William L. Redmond, PhD
William L. Redmond, PhD, an expert in the immunology of cancer, is an associate member of the Laboratory of Cancer Immunotherapy and director of the Immune Monitoring Laboratory at the Earle A. Chiles Research Institute at the Providence Portland Medical Center in Portland, Oregon.
The Providence Cancer Center was involved in the early development and characterization of OX40 agonists. The main focus of Redmond’s research is to investigate the mechanisms of OX40 agonist activity in enhancing tumor immunotherapy.
What is the role of OX40 in the normal immune system?
OX40 is an activating receptor on white blood cells, specifically on T cells. When OX40 gets stimulated, it is equivalent to putting your foot on the gas pedal of the immune system. It is the opposite idea from checkpoint blockade in that OX40 ligation drives stronger immune responses, while blocking CTLA-4 or PD-1 is the equivalent of taking the brakes off the system.
Given that research into OX40 agonists began in 2006, why has it taken so long to kickstart clinical development?
The development of OX40 agonists is quite a fascinating story. The original OX40 agonist phase I clinical trial was done here at our institute and that was funded through peer-reviewed grants as well as philanthropy. So the community here in Portland helped to support making a drug and then doing a phase I trial. This is a very unusual pathway to get a new agent to patients, but there was a really strong commitment from the leadership here at our cancer center and from the community.
With our limited resources, we were able to produce the drug in sufficient quantities to do a clinical trial.
However, the antibody was a mouse anti-human antibody and not a humanized antibody. At the time, the technology to humanize the drug was extremely expensive and we didn’t have the financial resources to do that. So we used that first clinical trial to evaluate the safety and potential immunological activity, with the hopes that we could then identify an industry partner to facilitate further clinical development.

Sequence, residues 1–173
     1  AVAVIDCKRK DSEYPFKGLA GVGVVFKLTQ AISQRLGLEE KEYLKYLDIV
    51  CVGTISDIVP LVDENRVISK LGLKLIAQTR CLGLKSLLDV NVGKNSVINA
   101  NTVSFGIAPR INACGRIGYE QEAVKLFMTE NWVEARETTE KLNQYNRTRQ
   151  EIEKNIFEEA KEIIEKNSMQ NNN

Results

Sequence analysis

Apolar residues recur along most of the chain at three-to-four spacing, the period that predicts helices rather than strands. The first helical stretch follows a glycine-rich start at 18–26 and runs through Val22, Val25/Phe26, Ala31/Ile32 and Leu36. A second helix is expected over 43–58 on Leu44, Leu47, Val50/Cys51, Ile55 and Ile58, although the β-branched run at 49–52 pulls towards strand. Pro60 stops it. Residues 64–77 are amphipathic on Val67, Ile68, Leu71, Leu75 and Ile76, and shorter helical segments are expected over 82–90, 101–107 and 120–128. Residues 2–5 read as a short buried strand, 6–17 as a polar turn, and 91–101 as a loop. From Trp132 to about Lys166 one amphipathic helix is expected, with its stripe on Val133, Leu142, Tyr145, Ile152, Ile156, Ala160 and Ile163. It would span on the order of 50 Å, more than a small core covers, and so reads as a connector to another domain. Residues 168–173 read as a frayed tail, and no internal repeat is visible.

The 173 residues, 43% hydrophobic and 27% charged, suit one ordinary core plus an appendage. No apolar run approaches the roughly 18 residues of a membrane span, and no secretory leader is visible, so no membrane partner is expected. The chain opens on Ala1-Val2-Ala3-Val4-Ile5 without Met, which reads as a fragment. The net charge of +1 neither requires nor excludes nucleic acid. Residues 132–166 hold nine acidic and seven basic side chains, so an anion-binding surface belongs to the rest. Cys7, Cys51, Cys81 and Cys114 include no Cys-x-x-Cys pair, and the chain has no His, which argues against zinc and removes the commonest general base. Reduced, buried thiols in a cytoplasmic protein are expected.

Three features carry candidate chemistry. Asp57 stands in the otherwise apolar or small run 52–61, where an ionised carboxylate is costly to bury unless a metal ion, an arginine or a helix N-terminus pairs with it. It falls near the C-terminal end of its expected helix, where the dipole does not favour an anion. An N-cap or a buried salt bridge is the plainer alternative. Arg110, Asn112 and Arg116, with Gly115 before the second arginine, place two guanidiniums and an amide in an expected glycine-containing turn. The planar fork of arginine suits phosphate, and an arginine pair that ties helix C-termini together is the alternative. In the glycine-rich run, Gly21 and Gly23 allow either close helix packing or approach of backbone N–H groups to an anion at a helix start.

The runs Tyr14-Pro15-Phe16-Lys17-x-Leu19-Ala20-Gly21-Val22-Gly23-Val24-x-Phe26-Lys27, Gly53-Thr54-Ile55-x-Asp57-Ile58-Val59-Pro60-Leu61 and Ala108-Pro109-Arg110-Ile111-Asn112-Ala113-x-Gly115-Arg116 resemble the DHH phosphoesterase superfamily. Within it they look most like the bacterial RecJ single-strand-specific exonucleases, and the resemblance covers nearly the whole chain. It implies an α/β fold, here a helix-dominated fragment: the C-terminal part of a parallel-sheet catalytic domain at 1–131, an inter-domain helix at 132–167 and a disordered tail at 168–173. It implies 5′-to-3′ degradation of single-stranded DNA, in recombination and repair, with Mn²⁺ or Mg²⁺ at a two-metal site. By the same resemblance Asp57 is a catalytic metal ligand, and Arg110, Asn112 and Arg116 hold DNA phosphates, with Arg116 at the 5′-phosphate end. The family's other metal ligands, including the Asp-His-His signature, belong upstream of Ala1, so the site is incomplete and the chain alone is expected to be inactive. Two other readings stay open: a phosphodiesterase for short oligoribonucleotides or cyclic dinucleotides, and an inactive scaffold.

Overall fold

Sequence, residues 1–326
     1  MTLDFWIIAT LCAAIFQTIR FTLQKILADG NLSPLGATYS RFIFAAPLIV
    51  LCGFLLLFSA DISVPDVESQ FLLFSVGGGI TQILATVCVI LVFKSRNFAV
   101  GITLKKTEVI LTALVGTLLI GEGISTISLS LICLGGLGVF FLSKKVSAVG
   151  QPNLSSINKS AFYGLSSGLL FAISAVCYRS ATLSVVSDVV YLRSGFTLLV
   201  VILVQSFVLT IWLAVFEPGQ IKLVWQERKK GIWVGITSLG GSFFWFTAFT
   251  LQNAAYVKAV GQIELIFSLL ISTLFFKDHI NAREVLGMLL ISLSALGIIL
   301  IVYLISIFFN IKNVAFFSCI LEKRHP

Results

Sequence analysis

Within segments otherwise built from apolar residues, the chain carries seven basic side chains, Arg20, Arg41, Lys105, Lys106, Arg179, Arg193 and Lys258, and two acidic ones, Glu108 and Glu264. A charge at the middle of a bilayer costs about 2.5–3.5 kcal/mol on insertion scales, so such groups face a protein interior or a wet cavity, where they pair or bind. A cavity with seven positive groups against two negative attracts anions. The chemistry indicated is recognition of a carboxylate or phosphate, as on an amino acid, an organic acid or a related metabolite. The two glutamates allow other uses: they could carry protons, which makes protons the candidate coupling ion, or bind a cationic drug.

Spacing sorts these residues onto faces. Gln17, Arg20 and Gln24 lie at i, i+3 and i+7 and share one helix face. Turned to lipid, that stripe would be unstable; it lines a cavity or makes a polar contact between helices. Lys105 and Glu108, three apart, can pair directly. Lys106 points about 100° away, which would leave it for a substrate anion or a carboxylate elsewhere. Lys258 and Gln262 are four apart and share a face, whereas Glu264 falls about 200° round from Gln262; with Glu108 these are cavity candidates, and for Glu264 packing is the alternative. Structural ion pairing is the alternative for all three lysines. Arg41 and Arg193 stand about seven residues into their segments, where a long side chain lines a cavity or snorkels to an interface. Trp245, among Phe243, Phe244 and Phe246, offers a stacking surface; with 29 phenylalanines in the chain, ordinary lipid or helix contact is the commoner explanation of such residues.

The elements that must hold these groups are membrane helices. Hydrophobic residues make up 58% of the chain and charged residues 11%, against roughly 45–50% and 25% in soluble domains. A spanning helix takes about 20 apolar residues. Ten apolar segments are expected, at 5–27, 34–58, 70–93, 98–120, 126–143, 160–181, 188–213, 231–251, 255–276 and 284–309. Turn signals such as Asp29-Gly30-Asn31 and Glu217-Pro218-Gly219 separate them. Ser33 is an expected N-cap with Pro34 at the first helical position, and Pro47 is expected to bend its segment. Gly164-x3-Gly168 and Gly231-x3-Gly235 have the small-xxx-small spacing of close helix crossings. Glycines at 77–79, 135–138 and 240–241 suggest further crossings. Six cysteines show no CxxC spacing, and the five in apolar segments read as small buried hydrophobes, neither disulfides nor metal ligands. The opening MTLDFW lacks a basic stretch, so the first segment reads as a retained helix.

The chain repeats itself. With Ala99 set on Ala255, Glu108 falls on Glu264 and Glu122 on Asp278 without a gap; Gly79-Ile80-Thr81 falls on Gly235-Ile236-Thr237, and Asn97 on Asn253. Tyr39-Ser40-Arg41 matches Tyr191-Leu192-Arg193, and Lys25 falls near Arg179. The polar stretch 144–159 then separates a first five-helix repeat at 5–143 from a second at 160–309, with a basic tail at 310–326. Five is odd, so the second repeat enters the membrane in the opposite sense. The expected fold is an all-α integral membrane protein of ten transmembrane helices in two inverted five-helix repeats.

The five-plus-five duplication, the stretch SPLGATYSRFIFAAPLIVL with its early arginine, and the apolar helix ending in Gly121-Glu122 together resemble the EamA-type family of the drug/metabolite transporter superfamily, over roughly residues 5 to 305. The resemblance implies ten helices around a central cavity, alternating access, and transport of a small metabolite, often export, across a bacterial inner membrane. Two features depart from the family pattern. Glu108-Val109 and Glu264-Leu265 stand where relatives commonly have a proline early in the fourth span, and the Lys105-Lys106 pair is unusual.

That’s exactly what happened. Part of the development then was humanizing the antibody, which was a necessity for further clinical development. If you inject someone with a mouse anti-human antibody, you can only do that for about a week and then your body rejects the drug because it’s recognized as a foreign protein. You can’t give multiple doses over time; you have to humanize the drug to be able to administer it repeatedly to patients. So that chemistry, that process, took some time, and that was another part of the delay. But now it’s in multiple phase I trials and is being studied much more extensively.
What are the most significant challenges in developing OX40 agonists?
The first point is that it’s a matter of getting the studies done to determine which patients and tumor types respond best to this drug. Some drugs are particularly effective in specific subtypes of disease and so the same questions are being asked with OX40 agonists. Phase I clinical trials are looking at a range of tumor histologies to see where the strongest signal is.
The second question right now and where a lot of effort is being focused is combination therapy: what are the appropriate combinations, what’s the right way to sequence the drugs (together or one then the other) and how can we combine them with standard-of-care therapies, like chemotherapy, radiation, and even surgery? With surgery, do you give it before surgery, postsurgery?
So, there are many issues that are being worked through. Obviously, that is going to take quite a lot of time and resources, but we are committed to finding the best way forward for this drug.